Before this past year it was easy for us to forget why people walk through church doors in the first place. To forget why we keep coming back again and again. To forget that the volunteer roles we sign up for, the jobs we agree to do, the relationships that become so important to us, the community we form and become a part of are not the things that make us the church.

But this past year has revealed to us a truth more important than ever. That even with all those things that seemed to make a community, those relationships and connections, those habits and tools, those jobs and behind the scenes things that bonded us together… even with all of those things mostly taken away, here we still are still gathering together, still a community of faith.

This past year has revealed the thing that binds us together… the One who binds us together, the One at the centre of the shared faith we confess… the one who has been dragging us through this long season of wilderness. The one that those Greek Jews asked Philip to see. 

When the always helpful Philip goes to Andrew, and the two go to Jesus not sure what to do with these foreigners… 

The Greeks are looking for the King who rode into Jerusalem. 

Yet, Jesus takes their question and steers it in a new direction. 

Jesus says, “when I am lifted up from the earth, I will draw all people to myself.”

God is busy drawing all people. All nations. All kinds, young and old, new and familiar, those leading up front and those behind the scenes… God is drawing all of us to the Christ who is lifted up on the cross. God is the ultimate reason that we are all here regular or visitor, seeking and searching or committed and devoted.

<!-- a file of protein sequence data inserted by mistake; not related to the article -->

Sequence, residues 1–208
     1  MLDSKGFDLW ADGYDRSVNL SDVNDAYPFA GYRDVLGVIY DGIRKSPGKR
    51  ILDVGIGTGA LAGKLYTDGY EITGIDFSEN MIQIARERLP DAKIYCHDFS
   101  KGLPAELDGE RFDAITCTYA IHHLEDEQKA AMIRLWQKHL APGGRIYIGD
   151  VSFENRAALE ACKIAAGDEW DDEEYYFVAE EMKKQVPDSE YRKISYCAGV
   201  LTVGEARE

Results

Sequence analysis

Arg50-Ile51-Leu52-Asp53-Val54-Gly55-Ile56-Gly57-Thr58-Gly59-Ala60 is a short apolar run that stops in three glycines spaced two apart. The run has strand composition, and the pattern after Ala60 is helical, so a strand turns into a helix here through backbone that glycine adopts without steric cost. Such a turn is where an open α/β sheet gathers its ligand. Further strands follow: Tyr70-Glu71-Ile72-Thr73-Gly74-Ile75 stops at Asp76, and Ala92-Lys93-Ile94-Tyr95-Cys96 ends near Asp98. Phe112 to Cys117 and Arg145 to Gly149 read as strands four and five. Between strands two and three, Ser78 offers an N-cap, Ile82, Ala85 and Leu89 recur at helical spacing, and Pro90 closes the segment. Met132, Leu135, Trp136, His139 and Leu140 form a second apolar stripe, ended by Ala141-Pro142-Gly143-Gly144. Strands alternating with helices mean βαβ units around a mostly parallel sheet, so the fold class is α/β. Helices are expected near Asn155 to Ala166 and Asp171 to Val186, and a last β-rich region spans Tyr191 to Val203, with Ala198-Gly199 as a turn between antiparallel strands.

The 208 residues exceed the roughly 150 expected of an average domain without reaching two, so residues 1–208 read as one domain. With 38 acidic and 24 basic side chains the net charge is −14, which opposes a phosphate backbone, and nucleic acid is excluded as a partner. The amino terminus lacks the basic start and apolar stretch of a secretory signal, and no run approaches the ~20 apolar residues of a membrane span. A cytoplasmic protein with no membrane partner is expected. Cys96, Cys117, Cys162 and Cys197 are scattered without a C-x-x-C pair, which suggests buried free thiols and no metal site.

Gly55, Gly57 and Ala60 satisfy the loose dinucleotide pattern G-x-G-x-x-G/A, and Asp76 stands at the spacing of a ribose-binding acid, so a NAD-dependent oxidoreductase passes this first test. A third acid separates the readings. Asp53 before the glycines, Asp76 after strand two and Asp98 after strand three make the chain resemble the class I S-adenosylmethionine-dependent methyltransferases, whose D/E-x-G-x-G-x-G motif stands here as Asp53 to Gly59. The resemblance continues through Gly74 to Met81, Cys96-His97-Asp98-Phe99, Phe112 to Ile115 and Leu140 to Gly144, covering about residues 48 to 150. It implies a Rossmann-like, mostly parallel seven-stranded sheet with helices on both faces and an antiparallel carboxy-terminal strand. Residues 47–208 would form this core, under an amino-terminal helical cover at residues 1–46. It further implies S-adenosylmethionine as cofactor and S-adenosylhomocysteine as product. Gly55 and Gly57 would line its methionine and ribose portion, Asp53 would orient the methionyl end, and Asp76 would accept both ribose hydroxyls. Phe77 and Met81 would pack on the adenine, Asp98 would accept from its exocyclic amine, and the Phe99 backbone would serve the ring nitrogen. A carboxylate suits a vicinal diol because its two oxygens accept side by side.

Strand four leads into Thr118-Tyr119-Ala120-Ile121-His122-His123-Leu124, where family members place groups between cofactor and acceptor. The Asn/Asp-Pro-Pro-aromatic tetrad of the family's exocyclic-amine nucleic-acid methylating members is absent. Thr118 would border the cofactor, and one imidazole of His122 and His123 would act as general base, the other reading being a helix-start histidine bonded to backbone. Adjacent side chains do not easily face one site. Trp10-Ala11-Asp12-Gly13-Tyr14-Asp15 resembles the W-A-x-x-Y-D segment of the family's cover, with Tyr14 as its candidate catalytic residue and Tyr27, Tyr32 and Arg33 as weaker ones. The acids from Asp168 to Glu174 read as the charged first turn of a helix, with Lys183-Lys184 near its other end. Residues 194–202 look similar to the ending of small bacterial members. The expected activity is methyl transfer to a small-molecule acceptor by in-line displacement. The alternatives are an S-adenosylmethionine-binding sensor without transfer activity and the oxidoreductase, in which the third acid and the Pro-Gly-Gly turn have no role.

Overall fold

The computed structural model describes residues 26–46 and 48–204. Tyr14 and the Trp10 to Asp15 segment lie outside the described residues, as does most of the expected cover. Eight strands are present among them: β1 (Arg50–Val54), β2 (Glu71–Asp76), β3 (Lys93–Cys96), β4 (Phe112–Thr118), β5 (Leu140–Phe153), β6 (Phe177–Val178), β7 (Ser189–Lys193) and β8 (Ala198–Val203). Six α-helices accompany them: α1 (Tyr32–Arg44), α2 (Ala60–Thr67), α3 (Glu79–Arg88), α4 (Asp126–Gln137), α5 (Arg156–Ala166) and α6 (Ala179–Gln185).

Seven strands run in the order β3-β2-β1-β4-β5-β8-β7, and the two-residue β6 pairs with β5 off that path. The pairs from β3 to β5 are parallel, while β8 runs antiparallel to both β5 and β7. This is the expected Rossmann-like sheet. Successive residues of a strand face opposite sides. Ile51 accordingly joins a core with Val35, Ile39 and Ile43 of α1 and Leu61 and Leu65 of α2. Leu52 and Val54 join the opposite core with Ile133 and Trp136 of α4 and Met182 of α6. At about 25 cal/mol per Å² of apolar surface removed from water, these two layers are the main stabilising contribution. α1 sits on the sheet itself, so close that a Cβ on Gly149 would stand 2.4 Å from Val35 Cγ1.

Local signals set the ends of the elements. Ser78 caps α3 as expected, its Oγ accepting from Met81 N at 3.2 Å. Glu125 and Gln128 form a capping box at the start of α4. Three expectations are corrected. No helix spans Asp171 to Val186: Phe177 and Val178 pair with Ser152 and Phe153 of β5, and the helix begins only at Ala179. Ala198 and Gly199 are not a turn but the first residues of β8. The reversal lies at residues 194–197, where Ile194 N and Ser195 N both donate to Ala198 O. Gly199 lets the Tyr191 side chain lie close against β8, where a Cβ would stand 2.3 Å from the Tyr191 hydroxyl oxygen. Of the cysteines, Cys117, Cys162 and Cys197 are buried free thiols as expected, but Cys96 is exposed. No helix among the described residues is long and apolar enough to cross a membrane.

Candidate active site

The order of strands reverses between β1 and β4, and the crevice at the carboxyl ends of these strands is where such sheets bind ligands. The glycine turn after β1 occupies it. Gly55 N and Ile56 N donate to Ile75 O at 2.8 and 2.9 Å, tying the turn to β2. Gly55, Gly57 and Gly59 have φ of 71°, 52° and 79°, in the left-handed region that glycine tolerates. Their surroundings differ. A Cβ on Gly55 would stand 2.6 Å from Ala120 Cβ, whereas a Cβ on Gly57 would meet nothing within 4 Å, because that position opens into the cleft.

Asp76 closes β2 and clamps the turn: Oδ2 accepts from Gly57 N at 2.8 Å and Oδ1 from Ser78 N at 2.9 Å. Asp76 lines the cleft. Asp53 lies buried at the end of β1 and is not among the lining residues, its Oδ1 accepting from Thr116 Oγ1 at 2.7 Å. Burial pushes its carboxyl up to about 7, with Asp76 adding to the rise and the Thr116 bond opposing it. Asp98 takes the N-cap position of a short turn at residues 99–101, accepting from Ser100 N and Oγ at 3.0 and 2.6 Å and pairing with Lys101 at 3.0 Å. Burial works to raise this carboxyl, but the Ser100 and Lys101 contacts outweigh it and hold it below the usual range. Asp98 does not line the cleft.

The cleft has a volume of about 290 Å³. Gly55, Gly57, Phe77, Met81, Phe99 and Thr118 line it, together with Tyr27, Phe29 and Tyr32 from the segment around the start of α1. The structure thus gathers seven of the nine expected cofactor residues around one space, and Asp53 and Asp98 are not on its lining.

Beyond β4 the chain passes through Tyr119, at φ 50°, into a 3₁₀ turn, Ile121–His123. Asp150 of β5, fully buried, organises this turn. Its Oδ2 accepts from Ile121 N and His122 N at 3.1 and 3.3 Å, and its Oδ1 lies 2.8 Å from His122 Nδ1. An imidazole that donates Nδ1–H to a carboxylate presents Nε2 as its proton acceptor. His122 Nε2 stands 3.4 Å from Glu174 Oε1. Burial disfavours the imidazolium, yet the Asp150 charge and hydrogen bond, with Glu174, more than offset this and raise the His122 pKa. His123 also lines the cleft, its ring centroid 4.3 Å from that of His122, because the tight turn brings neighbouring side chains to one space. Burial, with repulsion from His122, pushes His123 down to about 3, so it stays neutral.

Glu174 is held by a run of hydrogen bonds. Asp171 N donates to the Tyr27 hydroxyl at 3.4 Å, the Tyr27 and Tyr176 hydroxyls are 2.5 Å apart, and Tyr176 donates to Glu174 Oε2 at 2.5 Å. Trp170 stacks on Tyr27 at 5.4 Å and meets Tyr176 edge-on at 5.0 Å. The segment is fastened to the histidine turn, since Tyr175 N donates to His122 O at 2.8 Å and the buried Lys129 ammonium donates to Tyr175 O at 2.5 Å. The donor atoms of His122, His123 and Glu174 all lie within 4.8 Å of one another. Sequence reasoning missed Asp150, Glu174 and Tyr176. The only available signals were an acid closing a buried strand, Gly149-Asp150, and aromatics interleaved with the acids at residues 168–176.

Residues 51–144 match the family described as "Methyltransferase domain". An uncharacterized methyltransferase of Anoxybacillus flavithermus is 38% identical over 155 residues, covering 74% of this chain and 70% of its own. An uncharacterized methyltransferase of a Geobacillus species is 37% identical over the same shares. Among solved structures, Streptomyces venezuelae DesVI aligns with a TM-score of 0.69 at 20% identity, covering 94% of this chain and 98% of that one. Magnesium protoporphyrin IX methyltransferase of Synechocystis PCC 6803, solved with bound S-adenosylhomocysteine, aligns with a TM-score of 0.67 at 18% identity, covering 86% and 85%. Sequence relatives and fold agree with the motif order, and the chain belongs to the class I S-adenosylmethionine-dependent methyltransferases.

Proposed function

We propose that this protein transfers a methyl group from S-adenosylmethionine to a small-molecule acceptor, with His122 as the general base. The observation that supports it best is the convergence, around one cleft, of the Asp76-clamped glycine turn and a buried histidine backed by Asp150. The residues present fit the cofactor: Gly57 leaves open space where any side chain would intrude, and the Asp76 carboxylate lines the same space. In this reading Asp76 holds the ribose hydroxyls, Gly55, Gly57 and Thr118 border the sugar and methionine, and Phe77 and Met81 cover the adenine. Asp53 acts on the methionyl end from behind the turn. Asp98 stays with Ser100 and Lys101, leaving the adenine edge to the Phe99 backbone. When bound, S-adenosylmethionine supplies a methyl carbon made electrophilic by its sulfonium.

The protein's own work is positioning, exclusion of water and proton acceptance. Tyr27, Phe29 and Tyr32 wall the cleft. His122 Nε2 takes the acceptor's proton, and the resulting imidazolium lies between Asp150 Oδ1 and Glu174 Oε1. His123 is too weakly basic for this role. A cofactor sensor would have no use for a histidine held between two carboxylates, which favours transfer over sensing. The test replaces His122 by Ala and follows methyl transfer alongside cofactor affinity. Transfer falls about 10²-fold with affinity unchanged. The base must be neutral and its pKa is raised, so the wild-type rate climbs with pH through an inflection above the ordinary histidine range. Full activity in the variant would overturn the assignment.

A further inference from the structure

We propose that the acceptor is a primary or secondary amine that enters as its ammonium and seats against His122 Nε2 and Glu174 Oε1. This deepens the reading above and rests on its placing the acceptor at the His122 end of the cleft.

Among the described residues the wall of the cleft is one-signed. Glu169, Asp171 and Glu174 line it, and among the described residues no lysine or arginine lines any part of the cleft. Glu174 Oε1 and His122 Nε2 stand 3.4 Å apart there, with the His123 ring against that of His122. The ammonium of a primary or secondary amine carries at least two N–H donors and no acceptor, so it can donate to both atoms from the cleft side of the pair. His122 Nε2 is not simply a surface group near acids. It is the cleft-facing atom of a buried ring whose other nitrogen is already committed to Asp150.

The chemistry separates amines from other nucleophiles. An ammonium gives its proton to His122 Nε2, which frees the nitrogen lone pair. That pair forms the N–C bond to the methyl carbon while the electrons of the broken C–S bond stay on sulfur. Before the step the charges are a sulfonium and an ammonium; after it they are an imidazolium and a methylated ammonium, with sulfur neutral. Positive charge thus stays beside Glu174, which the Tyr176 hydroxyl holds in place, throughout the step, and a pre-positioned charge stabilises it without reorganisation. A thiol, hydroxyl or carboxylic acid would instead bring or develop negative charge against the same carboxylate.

God is gathering us together, and God who is we are ultimately looking for when we show up at church. God is who makes the church the church. God is who finds us, even as we are uncertain at times with what to do with that question, “We wish to see Jesus”

Today, Philip, even though he is not sure how to answer the Greeks, is still trying to be a faithful disciple and follower of Jesus. 

And Jesus recognizes that too. 

Jesus knows that even when our communities are thrown into turmoil and we have to learn completely new ways of being a community and gather using unfamiliar means and struggle with what to with when people come to us ask “We wish to see Jesus,”… Jesus knows that even with all that we are still trying to be faithful. 

And so God keeps gathering us. Gathering us around the word, proclaimed and shared in the most surprising of ways.  

God works with our faithfulness as it is. And from there, God draws us all to the cross. To the place where Christ will be crucified and will die.  

And yet also the place where death will drag us through the wilderness to the empty tomb. To the place where God’s faithfulness is fully revealed, to the reason that we continue to be and gather as community despite all odds.  To the place where God’s faithfulness is on full display when Jesus is lifted up, drawing us all to God’s love.